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Spooner on the “natural right to labor” and to acquire all one honestly can (1846)

The American radical individualist Lysander Spooner (1808-1887) argued that a person could not exercise their “natural right to labor” unless they could also exercise their “natural right to make contracts” which more often than not was restricted by “arbitrary legislation”:

Each man has the natural right to acquire all he honestly can, and to enjoy and dispose of all that he honestly acquires; and the protection of these rights is all that any one has a right to ask of government in relation to them. It is all that he can have, consistently with the equal rights of others. If government give any individual more than this, it can do it only by taking it from others. It, therefore, in doing so, only robs one of a portion of his natural, just, and equal rights, in order to give to another more than his natural, just, and equal rights. To do this, is of the very essence of tyranny. And whether it be done by majorities, or minorities, by the sword, the statute, or the judicial decision, it is equally and purely usurpation, despotism, and oppression.

Labor is one of the means, which every man has a natural right to employ for the acquisition of property. But in order that a man may enjoy his natural right to labor, and to acquire all the property that he honestly can by it, it is indispensable that he enjoy fully and freely his natural right to make contracts; for it is only by contract that he can procure capital on which to bestow his labor. And in order that he may obtain capital on the best possible terms, it is indispensable that his natural right of contract be entirely unrestricted by any arbitrary legislation; also that all the contracts he makes be held obligatory fully to the extent, and only to the extent, to which, according to natural law, they can be binding.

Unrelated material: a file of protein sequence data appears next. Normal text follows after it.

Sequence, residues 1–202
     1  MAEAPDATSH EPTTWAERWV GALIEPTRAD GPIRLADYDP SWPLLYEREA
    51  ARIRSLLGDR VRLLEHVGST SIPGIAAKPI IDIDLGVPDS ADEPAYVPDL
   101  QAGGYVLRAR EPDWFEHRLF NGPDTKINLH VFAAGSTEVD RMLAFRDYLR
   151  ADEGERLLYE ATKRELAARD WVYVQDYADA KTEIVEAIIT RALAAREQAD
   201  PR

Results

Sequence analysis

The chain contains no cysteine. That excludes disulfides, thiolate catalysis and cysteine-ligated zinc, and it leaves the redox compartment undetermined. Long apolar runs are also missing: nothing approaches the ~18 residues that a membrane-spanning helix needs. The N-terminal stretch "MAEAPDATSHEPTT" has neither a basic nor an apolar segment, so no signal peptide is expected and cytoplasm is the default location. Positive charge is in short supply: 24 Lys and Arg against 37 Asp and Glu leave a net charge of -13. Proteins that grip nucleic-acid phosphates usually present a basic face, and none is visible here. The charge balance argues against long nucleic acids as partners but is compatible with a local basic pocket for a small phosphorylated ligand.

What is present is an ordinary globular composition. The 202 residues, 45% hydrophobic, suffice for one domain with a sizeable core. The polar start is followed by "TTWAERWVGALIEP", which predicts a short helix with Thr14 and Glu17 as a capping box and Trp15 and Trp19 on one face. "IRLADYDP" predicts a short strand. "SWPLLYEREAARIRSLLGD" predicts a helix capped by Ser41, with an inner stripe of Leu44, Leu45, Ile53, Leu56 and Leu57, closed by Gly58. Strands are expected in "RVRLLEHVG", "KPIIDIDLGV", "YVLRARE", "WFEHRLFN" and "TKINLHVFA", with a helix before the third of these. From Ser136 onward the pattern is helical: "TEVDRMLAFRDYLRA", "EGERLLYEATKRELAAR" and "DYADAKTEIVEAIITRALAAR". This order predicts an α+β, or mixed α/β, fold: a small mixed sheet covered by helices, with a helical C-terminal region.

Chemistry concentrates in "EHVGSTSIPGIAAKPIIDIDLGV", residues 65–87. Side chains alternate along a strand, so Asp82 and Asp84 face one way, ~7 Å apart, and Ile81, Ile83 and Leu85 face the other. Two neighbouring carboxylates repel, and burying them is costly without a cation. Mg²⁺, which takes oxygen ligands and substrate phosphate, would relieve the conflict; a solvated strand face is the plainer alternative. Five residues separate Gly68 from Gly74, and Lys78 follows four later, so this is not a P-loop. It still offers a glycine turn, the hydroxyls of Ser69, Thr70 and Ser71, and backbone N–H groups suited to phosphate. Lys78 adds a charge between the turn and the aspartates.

Each man has the natural right to acquire all he honestly can, and to enjoy and dispose of all that he honestly acquires; and the protection of these rights is all that any one has a right to ask of government in relation to them. It is all that he can have, consistently with the equal rights of others. If government give any individual more than this, it can do it only by taking it from others. It, therefore, in doing so, only robs one of a portion of his natural, just, and equal rights, in order to give to another more than his natural, just, and equal rights. To do this, is of the very essence of tyranny. And whether it be done by majorities, or minorities, by the sword, the statute, or the judicial decision, it is equally and purely usurpation, despotism, and oppression.

Labor is one of the means, which every man has a natural right to employ for the acquisition of property. But in order that a man may enjoy his natural right to labor, and to acquire all the property that he honestly can by it, it is indispensable that he enjoy fully and freely his natural right to make contracts; for it is only by contract that he can procure capital on which to bestow his labor. And in order that he may obtain capital on the best possible terms, it is indispensable that his natural right of contract be entirely unrestricted by any arbitrary legislation; also that all the contracts he makes be held obligatory fully to the extent, and only to the extent, to which, according to natural law, they can be binding.